Disruptive Teaching: Elementary School Teachers as Intellectual Risk-Takers

Proceedings of The 6th International Academic Conference on Education

Year: 2023



Disruptive Teaching: Elementary School Teachers as Intellectual Risk-Takers

Kimberly Garcia, Jessica Clifton, Joyce H. Burstein, Greg Knotts




Standards-driven reform shaped the latter part of the last century. As a result, elementary schools in the United States typically center on content and assessment-focused measurable outcomes (Fitz & Lee, 2000; Manatt, 1995; Robbins, 2000). This compels schools and the teachers within them to be constrained by and focused on standardized assessment (almost exclusively Language Arts and Mathematics) and curriculum aligned with content standards. In addition, many teacher preparation programs are guided by this same environment and steer new teachers toward best practices in plan-instruct-assess-reteach models aimed at meeting their own standards in the teaching profession. This is in direct contrast to challenges from intellectuals like Sir Ken Robinson (2015, 2017) who suggests that schools have killed creativity and the ability to ‘think’. Harris (2021) echoes this challenge, suggesting we must move toward having creative agency in schools and the larger society.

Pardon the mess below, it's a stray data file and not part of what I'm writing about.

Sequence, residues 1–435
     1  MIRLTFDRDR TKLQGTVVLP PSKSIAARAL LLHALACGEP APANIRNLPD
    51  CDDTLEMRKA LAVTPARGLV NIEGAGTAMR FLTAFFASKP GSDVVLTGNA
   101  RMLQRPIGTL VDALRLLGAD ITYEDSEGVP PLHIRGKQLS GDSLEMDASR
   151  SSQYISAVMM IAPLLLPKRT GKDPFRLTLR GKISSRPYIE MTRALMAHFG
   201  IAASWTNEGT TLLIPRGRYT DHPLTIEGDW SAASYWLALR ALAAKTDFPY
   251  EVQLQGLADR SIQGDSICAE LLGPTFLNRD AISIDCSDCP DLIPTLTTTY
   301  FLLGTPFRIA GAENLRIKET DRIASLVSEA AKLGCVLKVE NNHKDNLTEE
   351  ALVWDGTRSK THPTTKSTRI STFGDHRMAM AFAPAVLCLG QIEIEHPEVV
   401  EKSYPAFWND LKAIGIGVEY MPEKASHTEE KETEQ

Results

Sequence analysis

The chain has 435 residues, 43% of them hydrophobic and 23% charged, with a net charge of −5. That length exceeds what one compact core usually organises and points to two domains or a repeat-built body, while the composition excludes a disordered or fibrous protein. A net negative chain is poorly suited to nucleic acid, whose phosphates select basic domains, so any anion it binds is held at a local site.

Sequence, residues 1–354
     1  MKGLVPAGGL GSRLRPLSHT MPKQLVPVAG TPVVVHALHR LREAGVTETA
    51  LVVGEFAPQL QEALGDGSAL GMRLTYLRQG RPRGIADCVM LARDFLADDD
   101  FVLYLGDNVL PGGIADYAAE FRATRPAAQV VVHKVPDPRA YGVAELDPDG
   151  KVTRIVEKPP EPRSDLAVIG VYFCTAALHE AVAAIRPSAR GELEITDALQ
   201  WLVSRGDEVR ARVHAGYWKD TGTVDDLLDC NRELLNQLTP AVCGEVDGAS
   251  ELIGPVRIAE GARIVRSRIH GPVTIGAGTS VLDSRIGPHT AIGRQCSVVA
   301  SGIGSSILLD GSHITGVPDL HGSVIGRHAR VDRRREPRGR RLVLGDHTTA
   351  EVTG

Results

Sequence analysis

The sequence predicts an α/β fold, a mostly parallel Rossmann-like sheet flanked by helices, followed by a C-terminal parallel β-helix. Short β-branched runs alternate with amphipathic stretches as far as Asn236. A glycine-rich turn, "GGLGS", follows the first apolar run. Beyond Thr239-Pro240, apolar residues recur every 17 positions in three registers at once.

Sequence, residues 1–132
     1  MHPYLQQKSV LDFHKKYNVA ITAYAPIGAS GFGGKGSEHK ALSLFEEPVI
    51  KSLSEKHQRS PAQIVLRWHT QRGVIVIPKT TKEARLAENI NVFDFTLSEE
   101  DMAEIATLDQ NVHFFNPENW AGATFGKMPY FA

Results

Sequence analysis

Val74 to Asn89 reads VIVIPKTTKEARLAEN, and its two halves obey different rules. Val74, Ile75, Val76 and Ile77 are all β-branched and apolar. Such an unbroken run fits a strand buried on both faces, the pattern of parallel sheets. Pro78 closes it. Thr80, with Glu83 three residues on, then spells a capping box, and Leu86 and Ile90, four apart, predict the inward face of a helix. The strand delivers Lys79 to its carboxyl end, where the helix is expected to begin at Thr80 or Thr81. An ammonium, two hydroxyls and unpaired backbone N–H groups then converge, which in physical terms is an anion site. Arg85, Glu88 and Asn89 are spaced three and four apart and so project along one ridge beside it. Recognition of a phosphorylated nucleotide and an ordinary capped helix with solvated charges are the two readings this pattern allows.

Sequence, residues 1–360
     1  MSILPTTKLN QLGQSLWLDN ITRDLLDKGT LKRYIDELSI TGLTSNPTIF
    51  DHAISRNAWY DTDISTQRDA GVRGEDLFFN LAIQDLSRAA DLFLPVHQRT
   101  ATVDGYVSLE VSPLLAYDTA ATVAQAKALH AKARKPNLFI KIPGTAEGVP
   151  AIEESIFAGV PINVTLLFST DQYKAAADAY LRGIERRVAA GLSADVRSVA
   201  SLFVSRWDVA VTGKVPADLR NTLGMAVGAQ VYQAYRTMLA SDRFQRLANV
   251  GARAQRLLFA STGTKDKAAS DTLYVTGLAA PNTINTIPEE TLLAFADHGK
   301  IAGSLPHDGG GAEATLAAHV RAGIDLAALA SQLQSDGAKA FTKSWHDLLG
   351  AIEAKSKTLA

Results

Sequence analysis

This paper is informed by this creative agency and advocates that teachers can accomplish the goals of this standards-driven environment, all while becoming intellectual risk-takers (Beghetto, Karwowski, & Reiter-Palmon, 2021; Clark & Soutter, 2022). We recommend that teachers become intellectual risk-takers by rethinking standardized content through revolutionary, disruptive, and authentic practice by interrogating curriculum and even developing their own. While many possible entry points to this disruptive practice, we suggest teachers can have the creative confidence to address targeted populations (LGBTQ+, English Language Learners), promote culturally responsive practices, and implement content beyond ELA and math (visual and performing arts) in innovative ways that better meet the needs of 21st Century students.

keywords: Curriculum Development, integrated arts, ELL, LGBTQ+